I do not understand how recommending a part that has been in the same hot oil, been under the same stresses, and had the same indifferent treatment by who knows how many minimal wage fry cooks be replaced at the same time, while the fryer is already drained and being repaired makes me a parts changer. In the real world, crumb grates are missing, capillary tubes are dangling and fry baskets are being shook around in the vat of grease.
Originally Posted by ZeroTolerance
Part of being a service tech is making sure the unit will be dependable and pointing out potential issues to the customer. They are not paying me for what I can do, because lets face it in the scheme of things, swapping a hi limit is not that technically involved. They are paying me for what I know, my experience and my knowledge of not only how something works, but why it fails to work.
Additionally, how are the gas controls at all related to this conversation? Would I recommend replacing the gas valve in addition to a failed thermopile? Absolutely not. Would I suggest replacing the thermopile when changing the gas valve? Depending on age and condition, probably yes. Dependability is as important to customers as cost of repair. Why risk an unhappy situation over an inexpensive part? So long as the customer is made aware of the situation as you honestly see it and is given all their options, there is nothing wrong with suggesting additional parts in the name of dependability.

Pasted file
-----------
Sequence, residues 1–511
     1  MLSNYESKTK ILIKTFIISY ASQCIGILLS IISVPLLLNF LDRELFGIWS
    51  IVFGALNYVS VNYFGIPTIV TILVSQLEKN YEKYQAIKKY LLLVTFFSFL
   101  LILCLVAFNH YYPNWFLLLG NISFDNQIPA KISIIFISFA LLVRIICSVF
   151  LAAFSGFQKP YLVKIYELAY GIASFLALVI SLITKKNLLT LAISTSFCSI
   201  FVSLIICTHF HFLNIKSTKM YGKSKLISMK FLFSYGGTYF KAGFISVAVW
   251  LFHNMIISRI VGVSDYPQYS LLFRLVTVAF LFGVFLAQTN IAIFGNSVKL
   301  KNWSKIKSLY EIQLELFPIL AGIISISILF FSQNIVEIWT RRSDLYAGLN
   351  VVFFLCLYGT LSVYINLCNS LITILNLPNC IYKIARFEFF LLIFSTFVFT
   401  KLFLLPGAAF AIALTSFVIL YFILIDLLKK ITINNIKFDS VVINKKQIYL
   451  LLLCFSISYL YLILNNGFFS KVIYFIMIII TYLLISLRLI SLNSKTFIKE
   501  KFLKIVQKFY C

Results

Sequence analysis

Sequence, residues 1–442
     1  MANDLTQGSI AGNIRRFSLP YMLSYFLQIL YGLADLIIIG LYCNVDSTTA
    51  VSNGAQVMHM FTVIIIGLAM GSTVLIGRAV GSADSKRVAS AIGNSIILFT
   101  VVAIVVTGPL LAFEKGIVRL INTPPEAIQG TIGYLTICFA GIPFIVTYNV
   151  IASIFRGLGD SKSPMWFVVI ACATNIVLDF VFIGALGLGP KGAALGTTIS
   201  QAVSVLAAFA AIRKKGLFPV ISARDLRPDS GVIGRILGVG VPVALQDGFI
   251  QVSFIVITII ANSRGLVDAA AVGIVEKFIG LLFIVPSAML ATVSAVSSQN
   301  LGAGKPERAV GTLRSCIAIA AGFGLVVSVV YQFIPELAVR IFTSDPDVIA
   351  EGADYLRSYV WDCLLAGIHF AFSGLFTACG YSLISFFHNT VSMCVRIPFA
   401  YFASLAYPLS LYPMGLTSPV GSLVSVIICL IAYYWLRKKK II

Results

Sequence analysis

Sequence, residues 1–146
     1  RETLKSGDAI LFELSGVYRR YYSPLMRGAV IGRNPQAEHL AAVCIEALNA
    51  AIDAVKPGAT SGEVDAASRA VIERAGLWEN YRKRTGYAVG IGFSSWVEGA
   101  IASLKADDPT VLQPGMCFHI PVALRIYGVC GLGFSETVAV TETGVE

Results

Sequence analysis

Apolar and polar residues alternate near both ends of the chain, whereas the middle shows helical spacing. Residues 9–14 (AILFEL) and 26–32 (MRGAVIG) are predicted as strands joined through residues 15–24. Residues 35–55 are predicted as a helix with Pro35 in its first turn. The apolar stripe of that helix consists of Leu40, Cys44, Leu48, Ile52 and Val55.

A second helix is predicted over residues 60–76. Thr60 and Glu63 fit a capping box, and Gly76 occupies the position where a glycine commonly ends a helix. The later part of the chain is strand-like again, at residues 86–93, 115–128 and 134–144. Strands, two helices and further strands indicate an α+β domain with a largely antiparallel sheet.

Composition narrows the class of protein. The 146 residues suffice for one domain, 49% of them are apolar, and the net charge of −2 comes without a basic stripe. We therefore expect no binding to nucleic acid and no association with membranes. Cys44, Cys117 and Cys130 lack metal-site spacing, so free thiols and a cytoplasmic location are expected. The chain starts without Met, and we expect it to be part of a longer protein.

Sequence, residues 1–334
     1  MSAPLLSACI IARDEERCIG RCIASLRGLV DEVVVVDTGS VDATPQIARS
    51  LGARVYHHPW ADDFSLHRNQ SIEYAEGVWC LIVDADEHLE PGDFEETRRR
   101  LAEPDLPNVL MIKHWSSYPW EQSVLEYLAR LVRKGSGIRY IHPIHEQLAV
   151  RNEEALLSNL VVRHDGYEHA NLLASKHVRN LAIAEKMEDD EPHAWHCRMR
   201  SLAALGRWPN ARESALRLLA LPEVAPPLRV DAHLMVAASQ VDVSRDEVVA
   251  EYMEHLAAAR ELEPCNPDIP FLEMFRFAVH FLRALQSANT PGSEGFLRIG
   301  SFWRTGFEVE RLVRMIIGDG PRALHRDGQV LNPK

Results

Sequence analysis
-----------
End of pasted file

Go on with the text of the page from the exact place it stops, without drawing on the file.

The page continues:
Good luck explaining to that customer why he/she has to pay you to change the intermittently failing thermostat that is causing the hi limit open after paying you to replace the hi limit in the first place. To the customer, the open hi limit is the same issue they already paid you to fix, why should they pay you to fix it again?
I am definitely not a parts changer. I leave in my wake many happy customers who will wait for me to become available rather then get the next available tech because I fix am willing to fix the unit rather then the problem in an honest and ethical manner.
Nobody said that unloaded thermopiles must have 150 mV, 100mV loaded.
Test don't quess.
Replacing extra parts can be a good thing, but there are lots of restaurants that don't want to spend any extra money. Replacing the right part is always good
If the superheat ain't right it ain't charged right.
150mv for a unloaded thermopile is too low, make sure your using your meter correctly or you may be humbled